Q.: I would like to know how contractors cope with concrete slabs poured in the summer and sealed with a sealer. I've used two different types of sealer but in both cases I got salt scaling the following spring where salt had been thrown around. I know it is hard to cope with salt. I know my problem has not been the concrete because I used a 6-bag mix.
A.: You didn't mention whether or not the concrete was air-entrained. If it didn't contain entrained air, the application of salt combined with the exposure to freezing and thawing would cause the concrete to scale. This would be true regardless of the cement content, sealing, time of pouring or any degree of care exercised.
To produce air-entrained concrete, an air-entraining agent is introduced into the concrete at the time it is batched. As the concrete is mixed, microscopic air bubbles are formed in the cement paste. They provide space for water to expand within the concrete when it freeaes. Without these air bubbles, the expansion of water during freezing causes the surface concrete to loosen and disintegrate.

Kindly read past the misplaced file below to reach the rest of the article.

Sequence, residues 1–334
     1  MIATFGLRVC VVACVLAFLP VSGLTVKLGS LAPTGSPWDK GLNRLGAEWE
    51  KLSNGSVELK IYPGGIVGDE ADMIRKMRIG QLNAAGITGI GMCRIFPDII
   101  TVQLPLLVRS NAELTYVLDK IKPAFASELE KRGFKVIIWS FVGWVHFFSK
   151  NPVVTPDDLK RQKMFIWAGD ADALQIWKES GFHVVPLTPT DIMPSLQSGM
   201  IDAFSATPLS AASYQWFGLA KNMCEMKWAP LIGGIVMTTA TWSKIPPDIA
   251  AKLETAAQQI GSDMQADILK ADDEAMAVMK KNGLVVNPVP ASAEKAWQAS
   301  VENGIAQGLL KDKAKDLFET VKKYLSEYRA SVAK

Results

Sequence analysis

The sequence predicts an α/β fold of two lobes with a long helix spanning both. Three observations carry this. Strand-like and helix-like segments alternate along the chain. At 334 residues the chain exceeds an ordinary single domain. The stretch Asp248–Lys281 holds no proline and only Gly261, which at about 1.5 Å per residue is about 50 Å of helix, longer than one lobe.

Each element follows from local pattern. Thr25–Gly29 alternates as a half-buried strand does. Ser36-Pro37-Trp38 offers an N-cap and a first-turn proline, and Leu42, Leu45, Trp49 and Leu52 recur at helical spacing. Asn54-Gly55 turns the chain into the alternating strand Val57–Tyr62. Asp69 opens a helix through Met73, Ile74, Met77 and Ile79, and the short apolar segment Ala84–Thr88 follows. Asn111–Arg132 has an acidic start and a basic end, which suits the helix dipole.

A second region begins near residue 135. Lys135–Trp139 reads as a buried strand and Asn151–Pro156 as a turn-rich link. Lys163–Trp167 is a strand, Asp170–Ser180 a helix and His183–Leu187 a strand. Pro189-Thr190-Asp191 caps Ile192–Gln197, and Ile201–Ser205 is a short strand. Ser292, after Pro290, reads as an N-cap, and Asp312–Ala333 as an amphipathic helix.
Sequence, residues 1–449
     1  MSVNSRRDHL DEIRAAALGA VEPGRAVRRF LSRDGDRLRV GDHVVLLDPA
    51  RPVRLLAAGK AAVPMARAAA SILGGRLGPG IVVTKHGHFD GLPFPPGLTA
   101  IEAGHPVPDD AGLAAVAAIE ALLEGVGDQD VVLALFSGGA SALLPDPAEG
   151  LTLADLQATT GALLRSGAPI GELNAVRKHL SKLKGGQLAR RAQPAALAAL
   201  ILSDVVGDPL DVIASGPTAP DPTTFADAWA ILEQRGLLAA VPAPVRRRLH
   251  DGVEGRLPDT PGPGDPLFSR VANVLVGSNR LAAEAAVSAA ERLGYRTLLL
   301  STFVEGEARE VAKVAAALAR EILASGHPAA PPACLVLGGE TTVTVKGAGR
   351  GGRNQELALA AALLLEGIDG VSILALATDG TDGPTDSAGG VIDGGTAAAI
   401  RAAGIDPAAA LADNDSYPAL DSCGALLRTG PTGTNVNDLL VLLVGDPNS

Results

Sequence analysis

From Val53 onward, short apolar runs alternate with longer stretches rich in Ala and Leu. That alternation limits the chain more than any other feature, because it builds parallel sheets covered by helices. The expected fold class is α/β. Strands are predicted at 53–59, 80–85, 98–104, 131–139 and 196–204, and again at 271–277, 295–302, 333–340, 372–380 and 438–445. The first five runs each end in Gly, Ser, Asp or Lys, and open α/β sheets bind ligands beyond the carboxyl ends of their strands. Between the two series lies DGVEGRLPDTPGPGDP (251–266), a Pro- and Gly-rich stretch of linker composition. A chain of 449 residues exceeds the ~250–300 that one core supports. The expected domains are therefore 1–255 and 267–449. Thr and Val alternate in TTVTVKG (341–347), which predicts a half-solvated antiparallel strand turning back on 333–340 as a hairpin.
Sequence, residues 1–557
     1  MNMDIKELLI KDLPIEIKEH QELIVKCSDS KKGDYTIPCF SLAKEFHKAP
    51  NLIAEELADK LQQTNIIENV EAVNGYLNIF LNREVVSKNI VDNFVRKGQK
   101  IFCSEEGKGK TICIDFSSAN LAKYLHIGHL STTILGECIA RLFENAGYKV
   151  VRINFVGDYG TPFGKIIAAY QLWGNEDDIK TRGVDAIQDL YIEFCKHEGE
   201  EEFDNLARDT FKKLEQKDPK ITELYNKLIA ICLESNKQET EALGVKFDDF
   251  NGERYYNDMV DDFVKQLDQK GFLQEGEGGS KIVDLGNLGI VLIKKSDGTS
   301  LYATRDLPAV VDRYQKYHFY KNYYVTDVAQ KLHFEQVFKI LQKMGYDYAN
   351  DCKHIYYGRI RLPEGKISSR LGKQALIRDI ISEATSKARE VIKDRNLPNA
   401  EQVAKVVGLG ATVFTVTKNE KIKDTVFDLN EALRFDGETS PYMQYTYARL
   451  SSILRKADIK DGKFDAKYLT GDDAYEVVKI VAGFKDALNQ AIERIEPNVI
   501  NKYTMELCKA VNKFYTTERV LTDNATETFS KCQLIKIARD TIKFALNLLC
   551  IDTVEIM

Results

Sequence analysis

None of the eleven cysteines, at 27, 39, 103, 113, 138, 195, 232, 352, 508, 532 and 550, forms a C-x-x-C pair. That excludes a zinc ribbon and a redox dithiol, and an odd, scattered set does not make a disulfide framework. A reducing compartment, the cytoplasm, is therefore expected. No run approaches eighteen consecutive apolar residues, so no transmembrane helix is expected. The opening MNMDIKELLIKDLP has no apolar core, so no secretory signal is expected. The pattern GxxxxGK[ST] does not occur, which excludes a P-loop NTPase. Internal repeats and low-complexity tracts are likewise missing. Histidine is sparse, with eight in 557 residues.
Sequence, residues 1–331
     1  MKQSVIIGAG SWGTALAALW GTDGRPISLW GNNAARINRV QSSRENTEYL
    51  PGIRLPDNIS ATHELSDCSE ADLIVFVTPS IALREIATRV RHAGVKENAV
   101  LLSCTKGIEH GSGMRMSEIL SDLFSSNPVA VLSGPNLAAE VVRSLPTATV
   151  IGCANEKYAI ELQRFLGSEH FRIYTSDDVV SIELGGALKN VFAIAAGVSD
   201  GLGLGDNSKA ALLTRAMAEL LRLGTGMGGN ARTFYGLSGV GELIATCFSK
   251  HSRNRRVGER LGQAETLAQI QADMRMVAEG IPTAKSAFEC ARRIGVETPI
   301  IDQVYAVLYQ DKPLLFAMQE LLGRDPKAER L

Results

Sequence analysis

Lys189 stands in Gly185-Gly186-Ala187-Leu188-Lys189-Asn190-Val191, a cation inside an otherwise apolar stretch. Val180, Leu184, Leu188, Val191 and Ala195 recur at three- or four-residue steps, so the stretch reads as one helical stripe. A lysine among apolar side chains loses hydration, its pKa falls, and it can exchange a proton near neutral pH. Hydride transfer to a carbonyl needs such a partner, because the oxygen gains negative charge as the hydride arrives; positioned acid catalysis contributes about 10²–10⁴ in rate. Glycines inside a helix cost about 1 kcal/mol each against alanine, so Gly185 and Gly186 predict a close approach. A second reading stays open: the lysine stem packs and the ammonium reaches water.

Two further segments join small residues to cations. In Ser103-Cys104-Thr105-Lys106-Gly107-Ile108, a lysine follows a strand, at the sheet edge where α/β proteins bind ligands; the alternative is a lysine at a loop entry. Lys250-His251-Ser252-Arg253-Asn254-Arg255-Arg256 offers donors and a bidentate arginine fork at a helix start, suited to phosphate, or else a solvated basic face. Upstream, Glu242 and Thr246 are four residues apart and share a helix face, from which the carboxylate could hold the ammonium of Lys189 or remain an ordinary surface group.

We are sure you will find that all paving work done by the state or any municipality in your area requires air entrainment. Usually the air content is specified at 4 to 7 percent or 5 to 8 percent. Any ready-mixed concrete producer will be familiar with entrained air. When you order concrete for any outdoor flatwork you will want to make certain that the supplier understands that you want air-entrained concrete.
With adequate air content it is still necessary to use good construction practices. An extremely wet mix, finished too early or too much, may greatly reduce the effectiveness of the air entrainment. Concrete placed late in the year, not cured nor subsequently allowed to dry out, may still be vulnerable to some scaling. A fair guideline is to be sure that the concrete is not exposed to salt and freezing and thawing for at least 30 to 60 days after finishing.
The value of sealers is questionable for concrete properly constructed, cured and dried. Boiled linseed oil has been used to protect pavement placed late in the year with some good results. Many other sealers may have a reverse effect. They serve well as curing compounds but may then serve badly by preventing the concrete from drying out after it has cured. When using boiled linseed oil it is necessary to take the precaution of allowing the concrete to dry out after curing, before applying the linseed oil.
If you use the 6-bag mix that you have been using but with the right amount of entrained air and the construction practices that are outlined here, you really should be able to cope with the sealing problem.